Ordinary & trade meaning

The Queen v A L [2016] VSCA 156

How do you interpret everyday words in a statute when they also have a specialised trade or technical meaning?  Normally words take their ordinary meaning – particularly since parliament can define a word if it is meant to have a special meaning1.  However, context, phrasing or subject matter may show that another meaning is intended2.

In this case, a provision described modification of a drug ‘by the addition of’ a chemical.  The Court (at [9-21]) read ‘addition’ normally and rejected a narrower scientific meaning (‘addition reaction’).  Although the section used scientific terms, that didn’t mean every other word had a technical meaning.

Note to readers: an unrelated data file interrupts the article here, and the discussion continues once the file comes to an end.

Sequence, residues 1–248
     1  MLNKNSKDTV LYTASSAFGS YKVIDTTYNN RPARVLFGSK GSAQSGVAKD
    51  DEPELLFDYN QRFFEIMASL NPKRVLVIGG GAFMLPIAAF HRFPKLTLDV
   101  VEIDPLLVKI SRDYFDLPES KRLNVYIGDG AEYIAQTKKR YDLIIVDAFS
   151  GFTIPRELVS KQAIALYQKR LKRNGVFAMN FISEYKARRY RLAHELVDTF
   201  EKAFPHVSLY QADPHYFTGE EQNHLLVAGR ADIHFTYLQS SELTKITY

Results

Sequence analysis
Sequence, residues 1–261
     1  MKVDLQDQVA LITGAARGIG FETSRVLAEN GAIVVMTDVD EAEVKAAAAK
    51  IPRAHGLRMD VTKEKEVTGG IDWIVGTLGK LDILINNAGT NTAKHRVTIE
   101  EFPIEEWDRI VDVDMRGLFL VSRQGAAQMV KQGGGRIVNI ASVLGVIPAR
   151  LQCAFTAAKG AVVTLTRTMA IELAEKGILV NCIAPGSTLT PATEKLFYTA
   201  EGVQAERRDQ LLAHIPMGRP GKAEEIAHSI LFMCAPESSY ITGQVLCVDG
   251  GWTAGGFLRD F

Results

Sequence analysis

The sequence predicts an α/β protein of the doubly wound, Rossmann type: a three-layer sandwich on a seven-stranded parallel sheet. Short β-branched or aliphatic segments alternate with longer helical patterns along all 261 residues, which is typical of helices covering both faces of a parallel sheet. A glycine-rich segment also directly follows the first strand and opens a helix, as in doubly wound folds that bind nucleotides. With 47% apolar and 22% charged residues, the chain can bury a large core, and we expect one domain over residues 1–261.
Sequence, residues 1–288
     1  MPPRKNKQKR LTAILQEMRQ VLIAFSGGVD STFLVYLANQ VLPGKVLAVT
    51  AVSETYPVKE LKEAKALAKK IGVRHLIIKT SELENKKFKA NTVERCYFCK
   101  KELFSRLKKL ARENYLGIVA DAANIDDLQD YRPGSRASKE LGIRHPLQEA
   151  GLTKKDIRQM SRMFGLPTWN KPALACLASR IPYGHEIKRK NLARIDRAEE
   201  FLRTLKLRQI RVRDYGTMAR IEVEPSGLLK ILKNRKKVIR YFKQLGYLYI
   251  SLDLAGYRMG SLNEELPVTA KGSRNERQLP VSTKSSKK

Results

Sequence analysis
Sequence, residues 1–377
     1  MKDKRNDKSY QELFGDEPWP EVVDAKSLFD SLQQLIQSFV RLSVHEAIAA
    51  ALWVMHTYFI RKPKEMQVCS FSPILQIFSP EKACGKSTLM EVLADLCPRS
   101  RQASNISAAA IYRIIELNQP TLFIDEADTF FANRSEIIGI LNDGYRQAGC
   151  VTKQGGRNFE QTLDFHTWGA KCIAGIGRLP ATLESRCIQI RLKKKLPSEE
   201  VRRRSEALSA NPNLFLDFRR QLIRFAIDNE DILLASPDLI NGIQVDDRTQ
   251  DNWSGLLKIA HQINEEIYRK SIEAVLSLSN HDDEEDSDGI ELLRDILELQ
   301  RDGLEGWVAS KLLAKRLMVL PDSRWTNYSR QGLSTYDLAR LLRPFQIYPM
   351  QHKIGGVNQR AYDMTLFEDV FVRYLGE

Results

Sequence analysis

This case is from Episode 16 of interpretationNOW!


Australian Leisure [2012] WASC 463 (at [22]); Collector of Customs v Agfa-Gevaert (1996) 186 CLR 389 (at 402).

Marine Power Australia [1989] FCA 210 (at [52]).